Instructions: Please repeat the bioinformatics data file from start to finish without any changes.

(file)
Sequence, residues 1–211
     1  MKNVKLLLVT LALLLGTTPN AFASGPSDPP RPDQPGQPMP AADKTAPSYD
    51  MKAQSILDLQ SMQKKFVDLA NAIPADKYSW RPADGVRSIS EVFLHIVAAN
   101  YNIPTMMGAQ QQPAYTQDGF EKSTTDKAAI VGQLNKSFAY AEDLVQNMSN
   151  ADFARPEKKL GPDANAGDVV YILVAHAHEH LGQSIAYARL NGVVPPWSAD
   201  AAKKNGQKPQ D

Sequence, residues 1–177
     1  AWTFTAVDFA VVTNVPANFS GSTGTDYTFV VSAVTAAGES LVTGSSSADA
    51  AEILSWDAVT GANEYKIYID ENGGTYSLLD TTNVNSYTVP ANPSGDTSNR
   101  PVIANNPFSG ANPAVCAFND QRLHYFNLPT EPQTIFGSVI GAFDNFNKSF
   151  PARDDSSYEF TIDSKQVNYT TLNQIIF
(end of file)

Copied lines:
Sequence, residues 1–211
     1  MKNVKLLLVT LALLLGTTPN AFASGPSDPP RPDQPGQPMP AADKTAPSYD
    51  MKAQSILDLQ SMQKKFVDLA NAIPADKYSW RPADGVRSIS EVFLHIVAAN
   101  YNIPTMMGAQ QQPAYTQDGF EKSTTDKAAI VGQLNKSFAY AEDLVQNMSN
   151  ADFARPEKKL GPDANAGDVV YILVAHAHEH LGQSIAYARL NGVVPPWSAD
   201  AAKKNGQKPQ D

Sequence, residues 1–177
     1  AWTFTAVDFA VVTNVPANFS GSTGTDYTFV VSAVTAAGES LVTGSSSADA
    51  AEILSWDAVT GANEYKIYID ENGGTYSLLD TTNVNSYTVP ANPSGDTSNR
   101  PVIANNPFSG ANPAVCAFND QRLHYFNLPT EPQTIFGSVI GAFDNFNKSF
   151  PARDDSSYEF TIDSKQVNYT TLNQIIF